R.A.P. You must have received several phone calls and job offers from ad agencies during this time.
Dennis: I have been interviewed by many ad agencies in New York. I don't like the atmosphere. To me it's not conducive to good creativity to feel that your job is on the line with every job that you do. You have people wearing suits and ties standing over you who have probably no idea about creativity. They just rely on their creative people, and they're passing judgment on you.

One of the most disturbing things to me was finding out that the copywriters in ad agencies are the low men on the totem pole. They're the scum. They're the most expendable; You screw up, you don't do a good job, you're out on your ass. What happened to the guy that did the Herb campaign for Burger King? He's probably working at a Burger King now. I can't work under those conditions. I can't work under that kind of pressure.

R.A.P. What about career advancement?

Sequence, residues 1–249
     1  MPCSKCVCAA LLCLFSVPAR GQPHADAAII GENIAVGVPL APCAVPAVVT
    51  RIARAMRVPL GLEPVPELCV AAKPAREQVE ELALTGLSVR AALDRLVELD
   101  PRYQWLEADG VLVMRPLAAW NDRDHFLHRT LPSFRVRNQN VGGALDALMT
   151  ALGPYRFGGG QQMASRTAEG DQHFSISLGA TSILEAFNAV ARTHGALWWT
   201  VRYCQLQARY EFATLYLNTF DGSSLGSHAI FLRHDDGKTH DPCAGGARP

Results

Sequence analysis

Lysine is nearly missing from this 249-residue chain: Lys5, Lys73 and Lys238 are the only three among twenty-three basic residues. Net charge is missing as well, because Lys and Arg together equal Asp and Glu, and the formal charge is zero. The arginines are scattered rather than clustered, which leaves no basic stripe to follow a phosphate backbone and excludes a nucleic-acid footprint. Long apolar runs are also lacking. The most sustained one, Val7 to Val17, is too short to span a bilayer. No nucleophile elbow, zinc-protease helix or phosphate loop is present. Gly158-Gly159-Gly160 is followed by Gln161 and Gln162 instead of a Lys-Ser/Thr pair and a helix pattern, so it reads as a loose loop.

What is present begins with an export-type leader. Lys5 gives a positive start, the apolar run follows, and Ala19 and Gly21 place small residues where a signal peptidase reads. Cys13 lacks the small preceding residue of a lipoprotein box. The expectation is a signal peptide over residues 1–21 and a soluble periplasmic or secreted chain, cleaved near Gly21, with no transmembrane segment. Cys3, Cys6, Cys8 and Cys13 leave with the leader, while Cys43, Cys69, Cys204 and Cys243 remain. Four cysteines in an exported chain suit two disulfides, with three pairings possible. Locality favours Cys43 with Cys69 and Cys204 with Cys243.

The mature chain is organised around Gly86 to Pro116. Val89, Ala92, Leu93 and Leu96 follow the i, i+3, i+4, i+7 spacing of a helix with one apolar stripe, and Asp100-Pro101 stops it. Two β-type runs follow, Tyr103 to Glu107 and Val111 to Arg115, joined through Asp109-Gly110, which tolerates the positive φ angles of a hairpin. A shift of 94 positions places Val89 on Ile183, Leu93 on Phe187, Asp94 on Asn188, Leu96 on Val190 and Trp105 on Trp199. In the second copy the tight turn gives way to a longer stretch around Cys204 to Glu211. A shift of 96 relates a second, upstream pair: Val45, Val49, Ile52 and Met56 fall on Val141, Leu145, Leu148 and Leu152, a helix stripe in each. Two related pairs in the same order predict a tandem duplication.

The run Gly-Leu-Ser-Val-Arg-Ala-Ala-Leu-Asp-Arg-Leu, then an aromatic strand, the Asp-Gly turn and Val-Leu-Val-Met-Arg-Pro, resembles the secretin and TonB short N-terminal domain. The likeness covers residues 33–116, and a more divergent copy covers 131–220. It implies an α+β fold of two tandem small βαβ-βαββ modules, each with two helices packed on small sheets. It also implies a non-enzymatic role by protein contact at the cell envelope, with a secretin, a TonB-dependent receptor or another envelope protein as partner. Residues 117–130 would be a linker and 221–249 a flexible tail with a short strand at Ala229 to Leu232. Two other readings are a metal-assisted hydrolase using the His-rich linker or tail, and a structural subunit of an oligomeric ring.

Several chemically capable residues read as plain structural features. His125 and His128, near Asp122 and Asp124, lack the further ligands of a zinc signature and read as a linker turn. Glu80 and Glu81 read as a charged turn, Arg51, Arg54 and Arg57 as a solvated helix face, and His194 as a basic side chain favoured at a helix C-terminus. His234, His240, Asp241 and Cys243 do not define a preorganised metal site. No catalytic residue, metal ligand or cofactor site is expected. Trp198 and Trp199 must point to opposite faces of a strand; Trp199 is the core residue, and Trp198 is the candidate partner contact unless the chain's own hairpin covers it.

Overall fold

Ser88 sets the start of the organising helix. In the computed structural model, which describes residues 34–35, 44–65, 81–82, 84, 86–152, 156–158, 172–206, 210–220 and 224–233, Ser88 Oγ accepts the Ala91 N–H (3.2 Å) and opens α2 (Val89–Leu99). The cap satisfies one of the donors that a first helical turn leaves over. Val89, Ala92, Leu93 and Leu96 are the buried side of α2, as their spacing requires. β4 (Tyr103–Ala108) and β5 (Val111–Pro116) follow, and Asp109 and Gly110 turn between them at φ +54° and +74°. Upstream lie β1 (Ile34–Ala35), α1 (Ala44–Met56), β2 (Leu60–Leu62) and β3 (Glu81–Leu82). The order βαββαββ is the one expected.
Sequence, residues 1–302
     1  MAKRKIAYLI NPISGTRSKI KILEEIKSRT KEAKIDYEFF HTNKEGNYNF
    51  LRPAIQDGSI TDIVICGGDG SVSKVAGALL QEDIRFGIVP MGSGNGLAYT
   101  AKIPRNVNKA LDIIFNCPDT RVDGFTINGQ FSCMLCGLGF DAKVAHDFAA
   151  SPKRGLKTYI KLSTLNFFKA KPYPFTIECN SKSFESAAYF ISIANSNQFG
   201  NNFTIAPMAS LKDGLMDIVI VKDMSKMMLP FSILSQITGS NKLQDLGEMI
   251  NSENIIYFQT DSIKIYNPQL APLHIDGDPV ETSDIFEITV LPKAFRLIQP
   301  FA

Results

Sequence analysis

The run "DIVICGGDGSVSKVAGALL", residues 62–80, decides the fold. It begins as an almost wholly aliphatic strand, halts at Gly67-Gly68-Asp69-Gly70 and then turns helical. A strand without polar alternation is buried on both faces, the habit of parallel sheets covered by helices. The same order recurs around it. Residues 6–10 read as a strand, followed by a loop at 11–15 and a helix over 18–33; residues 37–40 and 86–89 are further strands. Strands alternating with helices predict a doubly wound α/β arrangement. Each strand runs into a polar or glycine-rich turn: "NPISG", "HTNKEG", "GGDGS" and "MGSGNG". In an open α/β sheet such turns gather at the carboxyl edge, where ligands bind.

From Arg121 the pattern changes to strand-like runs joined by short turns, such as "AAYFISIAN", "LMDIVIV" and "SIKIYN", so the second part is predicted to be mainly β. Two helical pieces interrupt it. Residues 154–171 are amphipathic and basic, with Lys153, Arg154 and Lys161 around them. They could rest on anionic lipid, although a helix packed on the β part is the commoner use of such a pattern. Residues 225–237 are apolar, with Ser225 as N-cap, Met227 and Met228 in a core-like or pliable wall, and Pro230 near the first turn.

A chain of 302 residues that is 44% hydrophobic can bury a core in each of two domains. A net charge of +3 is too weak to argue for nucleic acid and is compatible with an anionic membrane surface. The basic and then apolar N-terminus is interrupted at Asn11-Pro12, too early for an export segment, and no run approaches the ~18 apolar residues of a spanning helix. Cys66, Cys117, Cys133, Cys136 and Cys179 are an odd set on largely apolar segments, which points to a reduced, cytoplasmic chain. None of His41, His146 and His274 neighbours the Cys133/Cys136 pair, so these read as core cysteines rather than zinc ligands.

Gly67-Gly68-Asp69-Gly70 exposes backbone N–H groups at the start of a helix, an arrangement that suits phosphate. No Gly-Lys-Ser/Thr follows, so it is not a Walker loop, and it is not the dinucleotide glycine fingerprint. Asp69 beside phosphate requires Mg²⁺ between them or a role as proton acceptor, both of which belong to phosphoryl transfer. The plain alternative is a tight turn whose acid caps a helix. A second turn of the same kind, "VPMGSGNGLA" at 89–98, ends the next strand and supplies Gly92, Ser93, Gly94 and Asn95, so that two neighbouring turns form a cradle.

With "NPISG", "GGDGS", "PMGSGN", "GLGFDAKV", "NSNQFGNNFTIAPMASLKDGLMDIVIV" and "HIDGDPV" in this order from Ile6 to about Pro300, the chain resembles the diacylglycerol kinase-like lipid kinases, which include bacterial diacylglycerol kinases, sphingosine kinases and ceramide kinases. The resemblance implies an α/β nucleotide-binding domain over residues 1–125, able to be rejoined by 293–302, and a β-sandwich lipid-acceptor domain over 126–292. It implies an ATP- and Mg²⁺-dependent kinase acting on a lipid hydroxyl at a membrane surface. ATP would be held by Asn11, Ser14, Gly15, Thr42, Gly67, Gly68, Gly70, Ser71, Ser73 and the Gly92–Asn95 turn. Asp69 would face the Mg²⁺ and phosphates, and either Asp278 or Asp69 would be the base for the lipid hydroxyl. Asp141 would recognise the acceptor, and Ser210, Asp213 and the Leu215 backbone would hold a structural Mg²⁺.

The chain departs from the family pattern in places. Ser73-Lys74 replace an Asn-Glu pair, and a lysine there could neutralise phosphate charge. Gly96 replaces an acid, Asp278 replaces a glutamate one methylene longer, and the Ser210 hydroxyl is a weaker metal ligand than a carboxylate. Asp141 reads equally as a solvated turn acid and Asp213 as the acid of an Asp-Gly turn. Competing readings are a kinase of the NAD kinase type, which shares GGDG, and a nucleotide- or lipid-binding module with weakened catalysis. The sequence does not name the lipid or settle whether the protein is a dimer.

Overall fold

Dennis: I'm not hell bent on becoming a very rich man. I want to feel that my work is appreciated by the people I'm doing it for, that I myself love what I'm doing, and that I'm making a good enough living to have the things that I want and be happy. That's probably why I stay at WBAB and probably why I'll never leave here. I'll probably never open my own production company because then you get into that competition with all the other production companies. You see, at BAB, the clients come to me. BAB is like a billboard for my work. I get agencies and production companies calling me up and saying, "Are you the guy that did this? Are you the guy that created that? We want to do something with you." It's a cozy situation because I can charge anywhere from 200 to 300 dollars for my work, and I have no overhead. I don't pay for telephones, or a studio, or studio time. It works as long as it doesn't affect my job at the radio station, and it never has.